The team, made up of volunteer translators, field coordinators, and trusted drivers, worked tirelessly to facilitate safe accommodation and transportation for families who needed a place to stay. Scouts from different cities in Romania joined efforts, putting their usual priorities on hold and made this their top priority. The team of dedicated volunteers involved their families, community, and activated their networks to make sure that refugees from Ukraine can feel at home. 

During the week, the volunteers coordinated with more Scout groups, establishing shifts at the border and ensuring that each team member could get some rest. With the support of their National Scout Organization in Romania, the teams were working tirelessly to support refugees who had just crossed the border.

“We worked day and night that week, but we found it remarkably rewarding as we helped more and more people each day. Gaining the trust of refugees was just amazing and solidified our motivation to continue doing all we could.” 

As more humanitarian agencies set up their teams at the border, the efforts of the Scouts became more noticeable, eventually leading to collaborations between the young Scout volunteers and relief organizations. The Scouts supported UNICEF at the Blue Dots, spaces along border crossings that provide urgent and critical information and referral services to the arriving families and children.

“It was extremely humbling to see different organizations and religious groups working hand in hand, relying on each other, and uniting their efforts towards the common goal of making sure that the refugees are protected and that their basic needs met,” expressed Raluca.

The war is having a devastating impact on the Ukrainian population. More than 100 days into the conflict, over two-thirds of the country's 7.5 million children have now been forced from their homes by the war, either inside Ukraine or abroad.

In response to this unfolding humanitarian crisis, thousands of Scout volunteers have mobilized to help meet the immediate and long-term needs in Ukraine and neighbouring countries. Like Raluca, teams of Scouts are volunteering to help families at border crossings, refugee and migrant centres, transit centres, and more. In the countries neighbouring Ukraine, the Scouts have introduced Scouting activities for young people who fled the war, providing a sense of normalcy, and strengthening their resilience.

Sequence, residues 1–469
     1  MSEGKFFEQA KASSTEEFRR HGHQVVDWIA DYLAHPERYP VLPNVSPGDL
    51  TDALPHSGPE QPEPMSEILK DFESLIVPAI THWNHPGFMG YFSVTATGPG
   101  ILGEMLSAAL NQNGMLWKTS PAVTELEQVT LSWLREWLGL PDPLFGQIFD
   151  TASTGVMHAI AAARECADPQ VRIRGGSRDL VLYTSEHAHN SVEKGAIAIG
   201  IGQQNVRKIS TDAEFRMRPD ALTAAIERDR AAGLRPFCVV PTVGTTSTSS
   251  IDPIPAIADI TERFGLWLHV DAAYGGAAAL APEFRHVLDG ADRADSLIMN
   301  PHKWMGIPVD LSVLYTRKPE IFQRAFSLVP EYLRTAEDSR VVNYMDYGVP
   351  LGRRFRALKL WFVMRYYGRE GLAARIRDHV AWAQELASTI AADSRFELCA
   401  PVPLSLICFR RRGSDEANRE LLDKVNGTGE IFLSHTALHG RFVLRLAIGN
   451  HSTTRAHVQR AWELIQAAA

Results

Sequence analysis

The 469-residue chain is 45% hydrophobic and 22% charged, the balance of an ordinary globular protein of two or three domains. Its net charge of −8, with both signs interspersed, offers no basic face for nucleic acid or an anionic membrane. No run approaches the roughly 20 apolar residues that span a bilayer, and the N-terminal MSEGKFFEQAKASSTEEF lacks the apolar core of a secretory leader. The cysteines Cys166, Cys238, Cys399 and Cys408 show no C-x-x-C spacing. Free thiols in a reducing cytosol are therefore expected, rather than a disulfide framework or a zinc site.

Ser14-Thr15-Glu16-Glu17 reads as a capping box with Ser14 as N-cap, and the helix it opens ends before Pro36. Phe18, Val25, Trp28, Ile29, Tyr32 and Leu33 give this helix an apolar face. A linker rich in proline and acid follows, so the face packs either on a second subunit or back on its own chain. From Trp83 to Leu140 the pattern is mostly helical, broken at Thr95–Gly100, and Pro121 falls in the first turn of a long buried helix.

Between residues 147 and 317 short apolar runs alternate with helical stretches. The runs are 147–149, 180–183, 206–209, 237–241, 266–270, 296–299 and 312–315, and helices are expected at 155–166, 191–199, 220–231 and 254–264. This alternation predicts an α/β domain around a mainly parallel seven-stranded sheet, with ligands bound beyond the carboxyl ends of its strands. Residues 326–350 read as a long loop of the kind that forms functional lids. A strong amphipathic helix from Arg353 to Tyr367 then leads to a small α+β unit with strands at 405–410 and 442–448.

“Scouting is the reason we choose this path of service and peacebuilding. It wasn’t until I became involved in this humanitarian response that I realized that Scouting was literally preparing us for any circumstance – the camps we organize, the tents we sleep in, and the responsibility we take at a young age all equipped us to manage the waves of people in need in this crisis,” Raluca shared.


“The values we learn in Scouting unite us to make the world a better place.” 

This is just one of the many initiatives that Scouts led in different host countries at the onset of war in Ukraine. Considering the timeliness of these actions and the large volunteer network involved, the World Organization of the Scout Movement has partnered with UNICEF in Romania and eight other countries neighbouring Ukraine to leverage the power of young people and engage with them to address the needs of refugees fleeing the war. With the support of UNICEF, Scouts like Raluca and her dedicated team have the means to lead impactful actions and continue to inspire other young people to do the same.

About the Scouts’ Diary for UAct: Scouts in Humanitarian Response for Ukraine

The World Organization of the Scout Movement European and Eurasia regions have partnered with UNICEF Europe and Central Asia to deliver relief aid and non-formal education to those affected by the war in Ukraine. This partnership covers Romania, Moldova, Hungary, Slovakia, Czech Republic, Poland, Lithuania, Latvia, and Ukraine. The Scouts’ Diary is a series of essays and interviews capturing the experiences of those involved in the project.